So here I am in hell with my dick in my hands. Why does this happen? I don't know! Any audio or text logs that mention the bad boys of Mars' mining colony trudging into hell suggest they bring weapons with them--crates of BFGs apparently--which don't magically get sucked out their assholes once they reach the devil's playground. Why does it happen to me, then? My only guess is that id felt they were making something too good and a desperate need drove them to fuck it all up.
And boy howdy did they ever!
Hell is of course where the difficulty starts to ramp up. The levels are tight and packed with big bads. Your ammo is whatever the developers decide you have, and it's definitely more trying to catch the original DOOM spice blend than the salt and vinegar of current (2006) horror-DOOM. And it does a decent job! I really don't mind the levels. They're fun and punchy, and nothing overstays its welcome. The hell boss is a load of turds, though. I really thought id finally figured out that you can just design a shooter boss to be a big thing that you shoot, but oh no! They needed to toss in one massive boss where it's more important that you shoot the gnats flying around its head than the giant body stomping fire at you from across the map. And after you shoot those gnats? Shoot the giant glowing orb that spontaneously appears above the boss, but you'll be goddamned if you waste a single bullet on its demon meat that's for sure! It's silly. I could handle shooting the gnats, but even then not being able to shoot the creature? Did PCs at the time only have enough RAM that shooting one more enemy to bloody bits would have caused your Dell to burst into flames? I'm no expert, so yes!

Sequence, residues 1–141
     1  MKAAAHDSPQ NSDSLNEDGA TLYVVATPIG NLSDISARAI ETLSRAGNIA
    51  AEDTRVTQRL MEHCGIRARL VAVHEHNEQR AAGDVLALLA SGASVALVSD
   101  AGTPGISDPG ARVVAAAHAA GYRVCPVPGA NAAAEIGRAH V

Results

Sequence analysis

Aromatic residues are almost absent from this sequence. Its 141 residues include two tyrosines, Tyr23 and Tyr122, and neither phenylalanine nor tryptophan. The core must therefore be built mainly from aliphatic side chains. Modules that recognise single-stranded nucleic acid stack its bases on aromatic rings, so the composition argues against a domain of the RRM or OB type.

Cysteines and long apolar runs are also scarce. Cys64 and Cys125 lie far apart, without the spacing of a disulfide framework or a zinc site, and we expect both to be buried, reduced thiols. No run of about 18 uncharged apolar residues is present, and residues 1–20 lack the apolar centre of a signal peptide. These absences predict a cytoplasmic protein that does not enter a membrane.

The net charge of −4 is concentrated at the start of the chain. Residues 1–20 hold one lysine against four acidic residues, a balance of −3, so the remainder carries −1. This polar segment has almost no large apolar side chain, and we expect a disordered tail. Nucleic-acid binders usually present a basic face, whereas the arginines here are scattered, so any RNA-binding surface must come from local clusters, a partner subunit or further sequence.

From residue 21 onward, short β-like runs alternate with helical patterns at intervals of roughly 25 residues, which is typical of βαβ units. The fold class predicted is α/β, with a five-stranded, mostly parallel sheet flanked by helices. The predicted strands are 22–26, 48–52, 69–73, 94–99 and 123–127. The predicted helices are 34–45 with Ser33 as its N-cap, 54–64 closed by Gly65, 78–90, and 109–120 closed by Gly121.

Then you leave hell and--by holy fucking christ no!!! Again!!! Those lunatic programmers smearing shit all over their keyboards take all your fucking guns away again!!! And are your previous guns and ammo in a nearby heap or storage locker waiting to be reclaimed? Oh no no no, my friend. I hope you weren't hoarding your supplies like precious gold because it's been smelted. SMELTED!!!!!!!!!!!!!!!!!!!!!!!!!!!!
Imagine playing Resident Evil--any survival horror game! Evil Within, it doesn't matter--and in the final hours, right when you're going to need every weapon that you've been saving, it just all disappears and you're left scrounging again? Would that suck? Duh! It's a cheater-ass move that eliminates the point of survival horror. Everything you've been struggling without so you had handy for a true moment of need has evaporated into the ether, leaving you a hollow husk of yourself.
Okay, but what if it happens twice, though? Does that make it better?? Does it?????